Submission is open to US citizens and US based young people between the ages of 13 and 19 years old on January 1, 2021. Submission must be received by 11:59 pm PT on Sunday, May 1, 2022. Only submissions entered through MyImpact Challenge’s online portal will be accepted for the contest. The contest is designed for one student per entry, but groups of up to five students may submit as a single group entry. Prizes awarded to group entries will be split evenly between entrants.
Each submission must include the following:
- An essay of up to 1,200 words expressing the student’s a) understanding of the ideal of “E Pluribus Unum” and how their project furthers that ideal in their community b) How their project furthers at least one Civic Virtue and one of Founding Principle as defined in the Bill of Right’s Institutes “Principles and Virtues.”
- A report of up to 2,000 words detailing a student’s completed or in-progress civic engagement project. Report must include the following components.
- The inspiration for the project.
- The project plan.
- Details of the project’s execution
- At least two examples of the project’s demonstrated impact on the community.
- How the student(s) grew in understanding of the role of Civic virtue, knowledge of their communities, and their ability to support or impact them.
- Visual documentation of the student’s project and its results in one of the following formats:
- Photographic Only: No fewer than ten and no more than twenty high-resolution still photographs, submitted in either JPEG or PNG format.
- Video Only: One video of no more than five minutes, submitted in MP4 format
- Mixed Photographic and Video: No fewer than five and no more than seven high-resolution still photographs as well as one video of no more than two minutes. Photographs must be in either JPEG or PNG format, and video must be in MP4 format.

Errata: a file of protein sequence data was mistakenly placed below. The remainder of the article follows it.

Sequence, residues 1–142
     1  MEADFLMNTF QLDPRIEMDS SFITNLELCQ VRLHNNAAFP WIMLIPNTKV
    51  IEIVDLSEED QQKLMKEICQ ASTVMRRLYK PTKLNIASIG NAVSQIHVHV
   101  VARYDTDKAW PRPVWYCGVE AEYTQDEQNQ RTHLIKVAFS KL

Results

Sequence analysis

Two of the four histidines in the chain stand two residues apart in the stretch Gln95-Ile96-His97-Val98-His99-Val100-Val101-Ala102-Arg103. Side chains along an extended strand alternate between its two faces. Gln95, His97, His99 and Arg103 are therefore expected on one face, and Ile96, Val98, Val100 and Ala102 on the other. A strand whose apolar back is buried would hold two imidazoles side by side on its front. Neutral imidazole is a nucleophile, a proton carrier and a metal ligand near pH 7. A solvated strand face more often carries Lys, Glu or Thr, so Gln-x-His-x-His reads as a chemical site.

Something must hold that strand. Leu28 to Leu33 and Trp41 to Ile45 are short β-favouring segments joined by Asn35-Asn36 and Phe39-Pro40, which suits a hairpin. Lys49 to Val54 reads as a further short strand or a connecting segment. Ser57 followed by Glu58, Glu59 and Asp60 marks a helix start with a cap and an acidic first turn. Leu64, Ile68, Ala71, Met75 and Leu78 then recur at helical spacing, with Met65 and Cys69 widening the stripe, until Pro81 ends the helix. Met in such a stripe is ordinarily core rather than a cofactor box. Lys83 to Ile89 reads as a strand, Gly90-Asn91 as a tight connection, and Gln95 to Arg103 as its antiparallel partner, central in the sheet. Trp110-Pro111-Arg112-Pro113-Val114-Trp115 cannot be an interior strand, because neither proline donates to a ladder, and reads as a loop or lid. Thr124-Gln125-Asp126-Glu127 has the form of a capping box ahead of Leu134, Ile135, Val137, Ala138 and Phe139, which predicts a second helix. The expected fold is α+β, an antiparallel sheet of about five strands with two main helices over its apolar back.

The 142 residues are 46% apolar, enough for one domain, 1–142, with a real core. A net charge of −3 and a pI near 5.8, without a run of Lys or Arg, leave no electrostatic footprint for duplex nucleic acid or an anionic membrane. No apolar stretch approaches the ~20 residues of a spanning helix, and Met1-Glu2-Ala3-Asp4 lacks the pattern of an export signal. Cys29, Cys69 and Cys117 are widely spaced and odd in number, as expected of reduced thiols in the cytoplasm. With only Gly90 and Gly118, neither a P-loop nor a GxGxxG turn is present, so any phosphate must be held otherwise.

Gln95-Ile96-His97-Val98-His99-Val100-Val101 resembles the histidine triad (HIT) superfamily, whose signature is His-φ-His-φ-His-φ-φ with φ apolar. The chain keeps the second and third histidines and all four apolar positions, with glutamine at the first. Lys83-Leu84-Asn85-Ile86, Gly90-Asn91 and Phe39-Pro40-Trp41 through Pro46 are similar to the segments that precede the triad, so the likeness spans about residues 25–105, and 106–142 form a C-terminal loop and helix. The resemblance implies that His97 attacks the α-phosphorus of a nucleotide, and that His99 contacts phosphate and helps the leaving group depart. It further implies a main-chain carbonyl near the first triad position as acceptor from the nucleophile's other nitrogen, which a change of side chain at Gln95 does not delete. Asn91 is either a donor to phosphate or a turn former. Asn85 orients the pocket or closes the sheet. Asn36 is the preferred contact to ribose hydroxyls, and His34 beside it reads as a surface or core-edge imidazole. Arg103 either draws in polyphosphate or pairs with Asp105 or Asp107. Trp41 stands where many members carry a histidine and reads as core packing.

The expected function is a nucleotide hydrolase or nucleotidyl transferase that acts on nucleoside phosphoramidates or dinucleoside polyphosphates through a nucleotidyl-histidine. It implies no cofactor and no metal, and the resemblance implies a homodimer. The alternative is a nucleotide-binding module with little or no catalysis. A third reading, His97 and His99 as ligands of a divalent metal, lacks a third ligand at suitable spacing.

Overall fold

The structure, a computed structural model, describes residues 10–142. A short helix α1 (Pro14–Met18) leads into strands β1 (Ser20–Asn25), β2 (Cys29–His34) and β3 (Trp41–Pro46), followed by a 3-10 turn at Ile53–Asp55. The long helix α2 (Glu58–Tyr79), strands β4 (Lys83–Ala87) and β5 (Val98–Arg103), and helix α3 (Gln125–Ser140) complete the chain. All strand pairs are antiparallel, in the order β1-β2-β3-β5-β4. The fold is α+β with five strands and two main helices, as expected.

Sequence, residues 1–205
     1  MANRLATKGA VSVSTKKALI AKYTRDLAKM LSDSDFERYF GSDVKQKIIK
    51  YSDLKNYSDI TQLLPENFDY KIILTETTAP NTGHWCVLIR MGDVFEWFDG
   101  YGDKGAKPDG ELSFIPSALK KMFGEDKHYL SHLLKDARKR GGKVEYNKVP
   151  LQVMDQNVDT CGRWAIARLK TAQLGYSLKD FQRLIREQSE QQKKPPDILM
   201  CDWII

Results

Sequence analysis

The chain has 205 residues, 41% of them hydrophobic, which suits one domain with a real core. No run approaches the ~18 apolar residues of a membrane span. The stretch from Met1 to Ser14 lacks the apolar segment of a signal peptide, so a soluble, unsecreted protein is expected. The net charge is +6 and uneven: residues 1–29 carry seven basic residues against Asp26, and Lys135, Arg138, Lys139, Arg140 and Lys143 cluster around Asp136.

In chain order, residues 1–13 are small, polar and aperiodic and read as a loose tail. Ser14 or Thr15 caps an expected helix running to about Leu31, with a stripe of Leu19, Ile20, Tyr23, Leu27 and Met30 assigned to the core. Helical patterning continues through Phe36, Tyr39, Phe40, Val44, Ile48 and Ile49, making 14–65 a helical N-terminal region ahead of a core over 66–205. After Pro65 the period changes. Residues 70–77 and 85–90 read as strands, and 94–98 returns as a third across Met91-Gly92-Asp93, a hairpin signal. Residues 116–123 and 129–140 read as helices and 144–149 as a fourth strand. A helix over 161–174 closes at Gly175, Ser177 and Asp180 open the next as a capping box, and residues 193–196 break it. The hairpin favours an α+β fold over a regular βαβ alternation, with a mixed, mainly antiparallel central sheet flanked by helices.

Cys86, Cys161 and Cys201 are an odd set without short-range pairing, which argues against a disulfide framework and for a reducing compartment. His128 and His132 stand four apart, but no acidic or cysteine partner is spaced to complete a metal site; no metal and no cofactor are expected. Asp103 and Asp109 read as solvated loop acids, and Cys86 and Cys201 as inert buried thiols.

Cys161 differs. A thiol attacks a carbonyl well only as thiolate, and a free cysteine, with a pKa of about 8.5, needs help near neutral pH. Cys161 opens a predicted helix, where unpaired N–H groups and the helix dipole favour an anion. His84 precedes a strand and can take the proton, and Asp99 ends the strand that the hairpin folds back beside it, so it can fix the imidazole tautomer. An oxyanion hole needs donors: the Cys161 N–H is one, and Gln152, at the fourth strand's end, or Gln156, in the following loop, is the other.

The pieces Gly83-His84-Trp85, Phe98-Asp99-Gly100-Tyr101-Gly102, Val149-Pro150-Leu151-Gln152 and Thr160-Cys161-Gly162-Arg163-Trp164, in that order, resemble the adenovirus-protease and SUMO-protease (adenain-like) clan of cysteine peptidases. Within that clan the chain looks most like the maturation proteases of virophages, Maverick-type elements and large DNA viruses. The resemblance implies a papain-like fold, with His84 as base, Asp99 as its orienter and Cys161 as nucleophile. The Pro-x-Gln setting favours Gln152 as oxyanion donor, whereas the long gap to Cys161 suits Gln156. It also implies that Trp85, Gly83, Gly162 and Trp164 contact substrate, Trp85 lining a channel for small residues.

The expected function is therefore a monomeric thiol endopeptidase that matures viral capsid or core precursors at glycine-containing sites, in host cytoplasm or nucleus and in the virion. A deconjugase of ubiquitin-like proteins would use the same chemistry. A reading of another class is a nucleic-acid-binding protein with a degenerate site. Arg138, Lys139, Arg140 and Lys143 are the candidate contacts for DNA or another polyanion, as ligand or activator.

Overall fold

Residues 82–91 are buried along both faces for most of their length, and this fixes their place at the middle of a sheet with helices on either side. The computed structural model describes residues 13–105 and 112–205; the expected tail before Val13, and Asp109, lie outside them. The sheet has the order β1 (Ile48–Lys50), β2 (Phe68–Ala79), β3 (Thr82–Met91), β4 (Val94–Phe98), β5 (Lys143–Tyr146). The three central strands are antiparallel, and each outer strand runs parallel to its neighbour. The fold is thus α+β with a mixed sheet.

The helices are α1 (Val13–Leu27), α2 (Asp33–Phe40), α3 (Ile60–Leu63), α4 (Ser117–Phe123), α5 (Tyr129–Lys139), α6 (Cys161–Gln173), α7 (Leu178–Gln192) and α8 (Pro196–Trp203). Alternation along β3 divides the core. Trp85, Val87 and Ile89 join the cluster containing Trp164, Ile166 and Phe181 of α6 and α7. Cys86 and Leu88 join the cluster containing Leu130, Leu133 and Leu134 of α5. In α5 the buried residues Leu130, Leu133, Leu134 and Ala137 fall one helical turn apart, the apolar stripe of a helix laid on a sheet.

Clearly demonstrates a meaningful impact on the community. At least two examples of meaningful impact should be demonstrated. (10 points possible for each)
Content includes five required components: Project inspiration, Project plan, Details of the project execution, two examples of the project's impact on a community of which the student is a part. (Up to 2 points awarded for each component)
Clearly explains several ways in which the student grew in understanding of the role of Civic virtue, knowledge of their communities, and their ability to support or impact them.
Shows a large amount of original thought. Ideas are creative and inventive.
Content well organized, coherent, logical, and generally free of spelling and grammatical errors.
E Pluribus Unum Essay
Coherent, logical, and persuasive writing that is generally free of spelling and grammatical errors
Understanding of E Pluribus Unum
Student defines "E Pluribus Unum" in a compelling way that demonstrates thoughtfulness about the concept.
Civic Virtue & Founding Principles
Student clearly articulates at least one Civic Virtues and one Founding Principle motivating their project.
Connection to Project
Student clearly articulates how their project advances the of the principle of "E Pluribus Unum."
Completion and Appropriateness
Photographs and/or video conformed to the submission guidelines and were appropriate.
Photographs enhanced understanding of the project.
Photographs and/or video demonstrated the impact of the project on the community.